One of the themes of the movie is the protagonist's obsession with the problem he faces. His inability to concede defeat and his unwillingness to rest until it is solved struck me as an interesting parallel to my conception of the hacker archetype. Assuming the definition of hacker provided by dmorin on Slashdot:
"To hack is to see a problem, determine the resources available to you, and to creatively apply them to the solution. That allows me to say with equal validity 'hack code', 'hack management', or just plain 'hack life'."
Most of the definitions of a hacker or hacking that fall outside of the media's incorporate some aspect of problem-solving as a primary concern and pursuit. However, Pi seems to be cautioning against narrowing one's vision onto a problem to the exclusion of all else. This would seem to fly in the face of the hacker mindset, however and I wonder how difficult it would actually be to simply give up on a problem you were facing because the consequenses were too dire. How many hackers would be willing to do this?
Bill Joy exhibits concern over this in the Why The Future Doesn't Need Us article that ran in Wired a few months back. Mr. Joy, without explicitly stating so, seems to understand the need to solve the problem and the tunnel vision that accompanies those "in the zone", so to speak. He fears that those who are working on finding a solution to a problem (in this case, nanotechnology and artificial intelligence) won't be willing to stop to think about the outcome of that solution or even the effects of the search. How do we convince the very people we encourage to never give up until the solution is found, the individuals who by their nature almost are problem-solvers, to stop solving due to the percieved potential outcome?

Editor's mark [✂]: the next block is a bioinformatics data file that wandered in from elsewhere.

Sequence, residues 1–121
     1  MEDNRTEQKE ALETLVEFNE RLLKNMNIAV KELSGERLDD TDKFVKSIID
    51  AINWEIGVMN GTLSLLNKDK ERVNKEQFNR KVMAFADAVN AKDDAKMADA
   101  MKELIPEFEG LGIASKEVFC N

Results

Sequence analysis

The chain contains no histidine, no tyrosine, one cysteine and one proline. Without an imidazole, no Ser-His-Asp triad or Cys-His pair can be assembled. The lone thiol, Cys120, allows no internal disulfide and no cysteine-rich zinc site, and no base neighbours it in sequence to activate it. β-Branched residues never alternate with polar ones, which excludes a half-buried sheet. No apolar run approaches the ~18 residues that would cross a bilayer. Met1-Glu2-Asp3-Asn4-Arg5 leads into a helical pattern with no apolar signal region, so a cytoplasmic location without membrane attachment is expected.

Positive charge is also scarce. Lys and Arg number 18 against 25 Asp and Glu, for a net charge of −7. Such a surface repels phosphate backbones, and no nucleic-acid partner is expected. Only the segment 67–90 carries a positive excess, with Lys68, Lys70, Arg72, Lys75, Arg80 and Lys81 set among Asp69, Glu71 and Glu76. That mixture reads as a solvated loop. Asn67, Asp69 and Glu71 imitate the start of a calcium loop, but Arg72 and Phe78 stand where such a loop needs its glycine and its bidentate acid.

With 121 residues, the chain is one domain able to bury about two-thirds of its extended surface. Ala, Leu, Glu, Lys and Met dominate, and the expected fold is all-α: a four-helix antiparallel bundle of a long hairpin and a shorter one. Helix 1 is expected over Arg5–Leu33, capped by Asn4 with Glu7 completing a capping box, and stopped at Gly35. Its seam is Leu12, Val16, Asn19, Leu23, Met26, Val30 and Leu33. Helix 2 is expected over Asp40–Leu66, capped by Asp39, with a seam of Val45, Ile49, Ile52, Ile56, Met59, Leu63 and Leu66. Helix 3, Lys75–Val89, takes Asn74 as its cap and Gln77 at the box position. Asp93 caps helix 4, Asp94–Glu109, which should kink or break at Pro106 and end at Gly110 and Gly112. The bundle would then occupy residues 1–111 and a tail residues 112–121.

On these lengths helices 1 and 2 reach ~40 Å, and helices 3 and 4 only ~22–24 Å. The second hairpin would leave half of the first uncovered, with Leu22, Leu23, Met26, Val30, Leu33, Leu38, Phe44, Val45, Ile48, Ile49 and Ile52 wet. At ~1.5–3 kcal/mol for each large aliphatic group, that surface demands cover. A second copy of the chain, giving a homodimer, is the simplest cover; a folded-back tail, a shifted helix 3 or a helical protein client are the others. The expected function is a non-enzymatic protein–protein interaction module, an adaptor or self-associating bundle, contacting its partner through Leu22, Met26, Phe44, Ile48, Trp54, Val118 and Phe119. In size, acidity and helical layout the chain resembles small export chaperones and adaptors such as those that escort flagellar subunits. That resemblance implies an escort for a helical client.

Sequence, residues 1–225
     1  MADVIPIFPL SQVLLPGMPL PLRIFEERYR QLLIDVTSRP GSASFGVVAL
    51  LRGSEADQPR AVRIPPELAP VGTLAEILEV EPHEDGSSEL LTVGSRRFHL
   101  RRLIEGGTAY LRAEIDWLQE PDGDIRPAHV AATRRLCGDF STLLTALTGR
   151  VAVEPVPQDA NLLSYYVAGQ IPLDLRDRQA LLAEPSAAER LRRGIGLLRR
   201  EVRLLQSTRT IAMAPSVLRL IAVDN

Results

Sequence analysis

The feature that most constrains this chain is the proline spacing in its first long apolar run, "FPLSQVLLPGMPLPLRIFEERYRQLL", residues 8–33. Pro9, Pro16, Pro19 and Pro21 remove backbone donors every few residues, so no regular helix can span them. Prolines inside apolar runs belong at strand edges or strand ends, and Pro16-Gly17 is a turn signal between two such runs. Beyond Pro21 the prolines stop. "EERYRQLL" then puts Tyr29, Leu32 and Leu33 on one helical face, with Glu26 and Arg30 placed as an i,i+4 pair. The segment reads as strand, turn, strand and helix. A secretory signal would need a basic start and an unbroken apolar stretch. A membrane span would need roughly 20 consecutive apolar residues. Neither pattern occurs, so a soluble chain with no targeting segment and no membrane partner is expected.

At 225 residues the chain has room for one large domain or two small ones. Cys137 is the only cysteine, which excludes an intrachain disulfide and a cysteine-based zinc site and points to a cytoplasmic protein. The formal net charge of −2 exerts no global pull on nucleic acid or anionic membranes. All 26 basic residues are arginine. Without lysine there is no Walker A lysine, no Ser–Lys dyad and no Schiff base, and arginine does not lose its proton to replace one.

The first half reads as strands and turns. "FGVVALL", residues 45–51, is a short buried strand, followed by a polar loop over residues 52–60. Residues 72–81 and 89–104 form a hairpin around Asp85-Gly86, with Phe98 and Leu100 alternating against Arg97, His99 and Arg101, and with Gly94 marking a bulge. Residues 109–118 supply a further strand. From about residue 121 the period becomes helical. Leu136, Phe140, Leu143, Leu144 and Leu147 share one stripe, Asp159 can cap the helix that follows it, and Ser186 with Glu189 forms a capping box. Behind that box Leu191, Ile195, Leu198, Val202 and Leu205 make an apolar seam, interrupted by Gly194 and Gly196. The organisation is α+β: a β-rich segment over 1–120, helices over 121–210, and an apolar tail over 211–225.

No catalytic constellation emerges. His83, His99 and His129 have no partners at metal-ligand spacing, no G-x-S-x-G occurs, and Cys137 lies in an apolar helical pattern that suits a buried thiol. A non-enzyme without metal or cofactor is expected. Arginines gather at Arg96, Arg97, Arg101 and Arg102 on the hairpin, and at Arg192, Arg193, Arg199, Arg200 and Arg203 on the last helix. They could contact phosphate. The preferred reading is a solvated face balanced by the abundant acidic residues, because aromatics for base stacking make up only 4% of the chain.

How do we see where our actions will take us? While the protagonist of Pi eventually purges himself of the obsession, of more interest to me is his mentor, Saul, who we can assume eventually succumbed to the obsession and paid with his life, yet he warned Max of the fate he himself eventually suffered. Whether the outcome is madness from trying to solve the unsolvable (as in Pi) or an effect that wasn't expected, can we afford to have the attitude of "the means justify the ends?" At what point should a problem be classified as unsolvable, unsolvable by a particular individual or unsolvable for fear of outcome? How do we make these distinctions?
With obsession, according to Pi, comes the potential for destructive failure (witness Saul's demise and the "solution" Max comes to) or, according to Joy, destructive success due to lack of foresight. So here is the question: Assuming Pi's moral holds merit and Joy's fears aren't unfounded, how do we encourage intensity and dedication without breeding destructive obsession?